Walking out of this pandemic like a real champion

Five lessons from sports to gain mental stamina under COVID-19
ROSALIND LIANG/THE VARSITY
ROSALIND LIANG/THE VARSITY

Since the COVID-19 pandemic first forced us into physical distancing, there has been a plethora of information on the internet about how to stay fit and busy under such circumstances. Suddenly, Instagram feeds are filled with more live-streamed workout classes and baking tutorials than ever.

For some, the pressure to be productive at home can be overwhelming, so here are some tips on how to fight the COVID-19 blues.

1. Get your head in the game

Ask any athlete and they will tell you that it takes a single-minded goal to achieve superhuman accomplishments. In this sense, physical distancing is not too different from the world of sports. Be it for health reasons, to deal with grief, or simply because it’s your passion, physical exercise is usually motivated by a larger purpose and goal. 

Feeling frustrated with being stuck at home? Try to remember that you are doing this for the sole purpose of saving lives. Focus is driven by a clear purpose, and it’s easy to forget the significance of our individual actions in the grand scheme of the pandemic.

2. Be a good teammate 

According to an article written by Professor Aisha S. Ahmad of the Department of Political Science, we should make a plan for social connectedness. While maintaining safety guidelines from the public health authorities, identify your crisis team members by reaching out to friends, family, and other people in your community. To Ahmad, “the best way to build a team is to be a good teammate.” 

You can be the real MVP by offering assistance to those in need, fostering good communication, and inspiring your teammates. Check in with your risk-group neighbours, and ask if you can buy groceries for them. Talk to your loved ones about your feelings, and be a good listener by letting them do the same. Encourage your friends to engage in positive thinking whenever you can. 

I know that creating a strong support network reassures me that people are looking out for me in these uncertain times.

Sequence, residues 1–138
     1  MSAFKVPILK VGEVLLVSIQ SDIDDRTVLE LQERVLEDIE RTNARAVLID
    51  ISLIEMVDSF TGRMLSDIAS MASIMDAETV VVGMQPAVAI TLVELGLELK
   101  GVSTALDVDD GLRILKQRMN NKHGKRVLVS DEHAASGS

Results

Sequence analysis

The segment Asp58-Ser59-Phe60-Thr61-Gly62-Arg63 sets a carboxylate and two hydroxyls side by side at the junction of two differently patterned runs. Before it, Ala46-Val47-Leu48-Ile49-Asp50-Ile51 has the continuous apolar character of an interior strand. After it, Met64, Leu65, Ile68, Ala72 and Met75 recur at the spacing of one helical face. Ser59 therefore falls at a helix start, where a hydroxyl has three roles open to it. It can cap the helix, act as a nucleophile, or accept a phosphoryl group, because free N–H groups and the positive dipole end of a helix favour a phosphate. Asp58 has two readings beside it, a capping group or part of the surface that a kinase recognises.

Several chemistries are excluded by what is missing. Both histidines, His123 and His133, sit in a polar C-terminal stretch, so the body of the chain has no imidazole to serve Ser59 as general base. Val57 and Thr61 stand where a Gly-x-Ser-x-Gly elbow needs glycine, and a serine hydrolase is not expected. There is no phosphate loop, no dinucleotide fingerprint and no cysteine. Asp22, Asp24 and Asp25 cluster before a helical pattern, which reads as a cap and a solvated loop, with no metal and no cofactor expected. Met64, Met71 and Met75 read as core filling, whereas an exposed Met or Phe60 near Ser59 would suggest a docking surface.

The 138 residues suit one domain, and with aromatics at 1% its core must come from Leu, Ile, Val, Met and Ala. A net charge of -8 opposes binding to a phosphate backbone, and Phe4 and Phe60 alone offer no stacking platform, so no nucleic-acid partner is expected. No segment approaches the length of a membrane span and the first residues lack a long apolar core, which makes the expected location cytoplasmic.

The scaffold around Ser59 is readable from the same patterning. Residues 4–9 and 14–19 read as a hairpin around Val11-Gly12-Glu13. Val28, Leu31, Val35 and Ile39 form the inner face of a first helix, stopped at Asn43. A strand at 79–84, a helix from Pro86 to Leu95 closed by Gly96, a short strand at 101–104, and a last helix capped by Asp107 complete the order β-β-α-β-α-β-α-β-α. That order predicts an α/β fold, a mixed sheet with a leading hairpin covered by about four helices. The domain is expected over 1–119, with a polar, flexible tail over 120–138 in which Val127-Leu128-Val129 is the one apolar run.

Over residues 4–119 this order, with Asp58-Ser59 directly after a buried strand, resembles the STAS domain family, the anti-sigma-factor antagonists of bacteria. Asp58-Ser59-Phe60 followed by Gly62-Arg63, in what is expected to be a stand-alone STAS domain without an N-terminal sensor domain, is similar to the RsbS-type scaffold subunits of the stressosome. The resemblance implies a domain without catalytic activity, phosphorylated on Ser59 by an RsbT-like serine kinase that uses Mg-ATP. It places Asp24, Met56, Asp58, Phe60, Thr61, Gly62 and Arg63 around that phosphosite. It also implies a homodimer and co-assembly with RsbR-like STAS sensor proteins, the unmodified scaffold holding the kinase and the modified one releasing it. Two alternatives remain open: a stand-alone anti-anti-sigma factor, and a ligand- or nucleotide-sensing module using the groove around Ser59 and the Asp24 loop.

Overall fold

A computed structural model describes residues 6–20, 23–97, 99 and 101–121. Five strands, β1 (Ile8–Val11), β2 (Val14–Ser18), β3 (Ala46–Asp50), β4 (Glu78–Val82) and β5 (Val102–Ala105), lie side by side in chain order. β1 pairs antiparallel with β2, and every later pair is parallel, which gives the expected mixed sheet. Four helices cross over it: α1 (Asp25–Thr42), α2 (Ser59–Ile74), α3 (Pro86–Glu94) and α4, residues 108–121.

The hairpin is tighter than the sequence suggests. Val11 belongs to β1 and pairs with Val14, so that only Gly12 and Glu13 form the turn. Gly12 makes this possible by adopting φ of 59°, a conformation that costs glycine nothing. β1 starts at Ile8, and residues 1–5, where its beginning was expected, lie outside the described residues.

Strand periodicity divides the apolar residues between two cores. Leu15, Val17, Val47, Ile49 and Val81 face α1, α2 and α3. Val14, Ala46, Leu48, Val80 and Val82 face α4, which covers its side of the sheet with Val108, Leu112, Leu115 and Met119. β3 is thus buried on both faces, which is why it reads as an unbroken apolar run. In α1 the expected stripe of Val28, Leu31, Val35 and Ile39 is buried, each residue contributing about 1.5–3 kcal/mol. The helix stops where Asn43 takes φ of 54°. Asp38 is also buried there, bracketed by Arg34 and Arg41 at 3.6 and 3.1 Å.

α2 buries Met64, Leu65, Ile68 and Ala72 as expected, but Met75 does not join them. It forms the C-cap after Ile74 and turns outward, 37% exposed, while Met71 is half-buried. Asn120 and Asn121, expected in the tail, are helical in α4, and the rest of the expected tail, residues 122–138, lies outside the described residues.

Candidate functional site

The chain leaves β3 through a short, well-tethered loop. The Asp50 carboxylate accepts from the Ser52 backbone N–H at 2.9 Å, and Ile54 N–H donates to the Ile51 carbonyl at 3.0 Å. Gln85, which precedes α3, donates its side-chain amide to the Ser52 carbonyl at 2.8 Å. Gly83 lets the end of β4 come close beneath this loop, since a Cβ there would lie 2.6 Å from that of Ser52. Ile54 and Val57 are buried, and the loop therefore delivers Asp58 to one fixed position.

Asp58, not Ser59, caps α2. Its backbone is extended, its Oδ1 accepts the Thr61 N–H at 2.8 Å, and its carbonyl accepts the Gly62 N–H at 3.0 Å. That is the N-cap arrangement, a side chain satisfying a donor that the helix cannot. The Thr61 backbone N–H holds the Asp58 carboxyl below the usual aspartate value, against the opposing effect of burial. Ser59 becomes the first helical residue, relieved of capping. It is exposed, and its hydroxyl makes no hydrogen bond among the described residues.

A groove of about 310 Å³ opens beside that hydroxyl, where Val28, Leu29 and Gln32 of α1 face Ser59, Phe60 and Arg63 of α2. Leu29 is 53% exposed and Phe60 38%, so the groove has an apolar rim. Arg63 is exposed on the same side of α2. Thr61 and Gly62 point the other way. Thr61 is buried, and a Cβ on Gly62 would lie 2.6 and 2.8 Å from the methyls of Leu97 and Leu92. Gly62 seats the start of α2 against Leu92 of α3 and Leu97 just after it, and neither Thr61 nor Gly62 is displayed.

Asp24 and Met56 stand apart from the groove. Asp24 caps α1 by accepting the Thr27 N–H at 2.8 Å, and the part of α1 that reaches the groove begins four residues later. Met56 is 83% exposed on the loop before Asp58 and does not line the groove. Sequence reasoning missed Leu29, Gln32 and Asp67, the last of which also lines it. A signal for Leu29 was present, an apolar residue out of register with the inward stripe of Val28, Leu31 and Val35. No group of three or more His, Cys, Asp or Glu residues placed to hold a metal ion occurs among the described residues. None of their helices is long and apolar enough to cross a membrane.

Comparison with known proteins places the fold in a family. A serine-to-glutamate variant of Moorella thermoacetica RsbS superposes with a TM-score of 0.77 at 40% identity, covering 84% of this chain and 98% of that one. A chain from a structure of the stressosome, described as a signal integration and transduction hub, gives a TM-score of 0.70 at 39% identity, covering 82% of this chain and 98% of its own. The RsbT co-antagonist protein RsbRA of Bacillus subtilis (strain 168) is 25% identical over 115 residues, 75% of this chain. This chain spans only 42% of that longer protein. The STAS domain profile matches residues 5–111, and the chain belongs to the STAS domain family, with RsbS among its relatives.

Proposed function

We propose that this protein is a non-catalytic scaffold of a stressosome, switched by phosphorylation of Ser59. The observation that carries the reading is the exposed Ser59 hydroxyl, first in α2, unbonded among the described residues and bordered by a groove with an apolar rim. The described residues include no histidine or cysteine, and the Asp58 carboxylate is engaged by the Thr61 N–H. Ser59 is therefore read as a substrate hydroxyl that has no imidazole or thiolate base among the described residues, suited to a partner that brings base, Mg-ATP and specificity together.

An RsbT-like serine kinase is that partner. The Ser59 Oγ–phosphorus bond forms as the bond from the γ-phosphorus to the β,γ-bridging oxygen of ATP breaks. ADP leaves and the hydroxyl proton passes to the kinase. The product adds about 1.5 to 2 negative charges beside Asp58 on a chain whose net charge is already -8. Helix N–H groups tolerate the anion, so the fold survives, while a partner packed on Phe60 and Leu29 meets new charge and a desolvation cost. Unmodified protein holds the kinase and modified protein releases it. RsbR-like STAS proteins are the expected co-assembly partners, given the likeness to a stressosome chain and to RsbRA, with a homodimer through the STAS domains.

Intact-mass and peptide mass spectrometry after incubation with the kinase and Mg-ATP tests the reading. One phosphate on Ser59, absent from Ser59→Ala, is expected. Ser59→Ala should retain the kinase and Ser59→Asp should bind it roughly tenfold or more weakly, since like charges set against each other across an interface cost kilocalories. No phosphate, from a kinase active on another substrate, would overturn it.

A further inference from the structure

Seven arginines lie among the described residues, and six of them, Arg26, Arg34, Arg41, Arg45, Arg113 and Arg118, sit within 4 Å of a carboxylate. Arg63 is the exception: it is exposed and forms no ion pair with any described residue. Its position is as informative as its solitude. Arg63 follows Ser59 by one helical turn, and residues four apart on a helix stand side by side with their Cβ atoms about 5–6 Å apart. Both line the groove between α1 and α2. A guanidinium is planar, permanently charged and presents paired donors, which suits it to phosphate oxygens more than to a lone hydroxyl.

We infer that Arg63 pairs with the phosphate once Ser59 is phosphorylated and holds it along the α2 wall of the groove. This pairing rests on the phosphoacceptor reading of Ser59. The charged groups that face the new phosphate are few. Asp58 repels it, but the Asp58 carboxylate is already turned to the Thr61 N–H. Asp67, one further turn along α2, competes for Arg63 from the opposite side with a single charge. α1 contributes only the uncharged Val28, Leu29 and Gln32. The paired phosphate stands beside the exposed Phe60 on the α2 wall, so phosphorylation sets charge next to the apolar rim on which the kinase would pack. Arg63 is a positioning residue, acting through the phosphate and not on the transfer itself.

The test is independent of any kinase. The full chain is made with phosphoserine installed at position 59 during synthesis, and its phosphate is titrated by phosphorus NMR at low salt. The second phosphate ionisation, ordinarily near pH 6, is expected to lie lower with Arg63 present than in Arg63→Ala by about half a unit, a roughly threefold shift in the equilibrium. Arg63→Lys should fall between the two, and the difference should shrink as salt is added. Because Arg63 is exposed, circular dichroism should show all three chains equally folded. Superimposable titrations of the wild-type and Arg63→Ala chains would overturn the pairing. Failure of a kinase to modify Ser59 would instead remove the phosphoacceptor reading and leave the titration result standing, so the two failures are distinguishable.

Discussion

3. Celebrate small victories 

Adapting to a life of physical distancing is a similar learning experience to training for a long-distance run. At first, your lungs will feel like they’re going to collapse after the first two miles, but the key to adaptation is to set small goals for yourself that become more difficult over time. Celebrate every mile you can run further until you’re able to fulfill your greater challenges. 

Ahmad’s article also tells us to first focus on more attainable goals when developing a routine. Celebrate small victories like maintaining a regular sleep schedule, cooking a healthy meal, or finding the motivation to read a book. Once you find a comfortable system, it should be easier to dedicate yourself to summer school or other necessary tasks in your life.

4. Learn to lose 

It’s easy to link sports to resilience. In this pandemic, we have lost opportunities and time with the people we care about. It’s hard to cope with these losses if you don’t give yourself time to comprehend them. Instead, it feels like we have to pack our days with activities because of the social and internal pressure to be productive right now. It helps if you remind yourself that it’s okay if you’re not at the top of your game during a global health crisis.

5. Picture the finish line 

Some countries, like Denmark, are already steadily walking out of lockdown. For some of us, there still might be a long way to go. When you’re on a six-mile run, and you realize that you’ve already covered three miles, that’s when you motivate yourself the most to reach the finish line. It’s the switch between a moment of extreme fatigue to a sudden spike of energy that helps you keep going. Use all the optimistic, positive energy you can!

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